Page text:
On Tuesday, 51-year old crime reporter Sudip Datta Bhaumik was shot dead at the Tripura State Rifles’ 2nd battalion headquarters in RK Nagar on the outskirts of Agartala. The police have arrested battalion commandant Tapan Debbarma and his personal security guard Nanda Reang, who allegedly fired the shots at the journalist.
Bhaumik is the second journalist to be killed in Tripura in the past two months. On September 20, Santanu Bhowmik, a reporter with an Agartala-based television news channel, was hacked to death by a mob in Mandai district while covering a clash between political parties. Sudip Datta Bhaumik’s killing is also the 73rd murderous assault on an Indian journalist since 1992, according to the United States-based non-profit Committee for Protection of Journalists. In recent months, journalists across the country have condemned attacks on mediapersons and alleged that they are coming increasingly under threat of violence.
While the police have remained silent on the events that led to Bhaumik’s death, his colleagues link it to a story he had recently written for the Syandan Patrika, the Bengali language newspaper he worked for. The story was published on November 2 and “exposed corruption worth Rs 10 crore on the part of Debbarma”, said the newspaper’s editor Subal Dey.
A corruption story
According to Dey, Bhaumik received a call on his mobile phone from Debbarma on Tuesday morning. Debbarma asked Bhaumik to meet him at his office later in the day so that he could present his side of the story, the editor said.
“Basically, Debbarma showed bills amounting to Rs 10 crore for non-existent official purchases,” said Dey.
He added, “He [Bhaumik] called me at around 10 in the morning to ask what he should do. I told him, ‘Go, but take a recorder with you’.”
Dey said that Bhaumik had written about corruption allegations against Debbarma earlier too: “He had done two stories a few months back, and they had also upset Debbarma.”
Dey said he received a call at around 12 pm from a “source in the TSR [Tripura State Rifles]” who told him that Bhaumik had been shot at. “I couldn’t believe it,” he said. “So, I called up the DG [director general of the Tripura Police], who said he had heard no such thing and asked me not to worry.”
The editor said he then sent Bhaumik’s deputy, Tipu Sultan, to check on him. Sultan reportedly found Bhaumik’s motorbike parked outside the gates of the battalion headquarters but was told by security guards that he was not inside the facility. Dey added, “However, the visitors’ entry book, which we checked later, has him making an entry at 11 am.”
Unverified reports that something had gone amiss in a security facility on the outskirts of Agartala spread among journalists. But an official confirmation came much later. At 2.30 pm, Bhaumik was brought to the GB Pant Hospital in the capital where he was declared dead, the police said. An officer said he had two gunshot wounds, one in his abdomen and the other in his back.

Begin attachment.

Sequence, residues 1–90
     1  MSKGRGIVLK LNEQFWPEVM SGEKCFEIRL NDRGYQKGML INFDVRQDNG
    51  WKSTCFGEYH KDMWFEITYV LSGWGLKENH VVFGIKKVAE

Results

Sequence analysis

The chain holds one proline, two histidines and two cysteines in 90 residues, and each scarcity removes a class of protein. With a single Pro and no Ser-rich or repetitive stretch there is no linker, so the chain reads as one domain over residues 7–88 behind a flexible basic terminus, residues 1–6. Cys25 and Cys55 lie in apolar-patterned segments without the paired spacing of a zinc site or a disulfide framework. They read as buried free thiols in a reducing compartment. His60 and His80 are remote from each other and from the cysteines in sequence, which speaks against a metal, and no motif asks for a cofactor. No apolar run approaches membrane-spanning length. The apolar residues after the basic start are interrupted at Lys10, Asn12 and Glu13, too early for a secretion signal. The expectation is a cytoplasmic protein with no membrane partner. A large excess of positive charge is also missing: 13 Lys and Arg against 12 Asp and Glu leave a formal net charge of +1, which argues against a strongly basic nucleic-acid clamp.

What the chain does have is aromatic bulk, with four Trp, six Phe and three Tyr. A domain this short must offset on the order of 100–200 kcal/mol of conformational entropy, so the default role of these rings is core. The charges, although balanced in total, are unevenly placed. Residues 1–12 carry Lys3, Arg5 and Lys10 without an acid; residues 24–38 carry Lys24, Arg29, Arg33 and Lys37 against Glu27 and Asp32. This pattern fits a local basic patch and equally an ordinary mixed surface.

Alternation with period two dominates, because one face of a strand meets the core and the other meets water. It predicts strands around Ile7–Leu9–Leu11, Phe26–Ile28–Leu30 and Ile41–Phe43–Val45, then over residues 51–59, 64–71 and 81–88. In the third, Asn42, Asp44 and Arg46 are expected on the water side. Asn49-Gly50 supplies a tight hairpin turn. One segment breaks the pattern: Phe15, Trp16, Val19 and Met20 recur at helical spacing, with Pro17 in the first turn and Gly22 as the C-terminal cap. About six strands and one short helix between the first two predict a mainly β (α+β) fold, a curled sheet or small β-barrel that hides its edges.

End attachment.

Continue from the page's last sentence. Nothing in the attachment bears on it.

Soon, over 60 journalists reportedly forced their way into the 2nd battalion headquarters. Among them was Sebak Bhattacharya, editor of News Vanguard, a news channel Bhaumik reported for in addition to his job at the Syandan Patrika. Bhattacharya claimed that when they entered the security facility, they found Debbbarma’s office sealed with tape. “The pots and small shrubs in the garden right outside his office were all scattered,” he said. “It seemed there was some sort of scuffle.”
A theory doing the rounds in the media is that a scuffle broke out when Bhaumik refused to undergo a body search after Debbarma accused him of trying to steal documents and money from his office. However, West Tripura Superintendent of Police Abhijit Saptarshi said this was the “version of the accused and not yet verified”.
Bhaumik’s colleagues dismiss the story. “After killing a journalist for doing his duty, they are now accusing him of stealing,” said Dey. He claimed that no phone or note book was found on Bhaumik’s body, adding, “He always carried two pens, even they were not there.”
The Left government has transferred the case from the district police to the Crime Investigation Department of the state police.
Journalists allege the state police often manhandle mediapersons. Bhattacharya said police officials had in 2011 baton-charged 11 journalists covering an agitation against alleged discrimination by the Left Front government in the reservation of seats at the Tripura Medical College.
The Tripura State Rifles was set up by the state government in 1984 to combat armed insurgency. Organised along the lines of the Central armed paramilitary forces, it has 12 battalions and is headed by an officer of the rank of inspector general, who reports to the state’s home minister.
‘Very brave reporter’
Bhaumik was a part of the Communist Party of India (Marxist)’s student wing, the Students’ Federation of India, in his youth. Friends and colleagues say he got disillusioned with the party and left the organisation after a few years.
Bhaumik was not always a full-time journalist. Bhattacharya said that although he had been reporting for various dailies for almost two decades, he became a full-time employee only in 2010 when he joined the news channel Halla Bol. Before that, he had also traded in domestic appliances, the editor added.
Bhaumik joined the Syandan Patrika four years ago. “He was a good, bold journalist who worked as a senior crime and investigation reporter in my paper,” said Dey. The editor said he had never received any complaints about Bhaumik’s professional conduct.
Bhattacharya agreed, calling Bhaumik a “very brave reporter”. Senior Agartala-based journalist Manas Paul said he had known Bhaumik for almost two decades and “there were no reasons to cast aspersions on his professionalism”.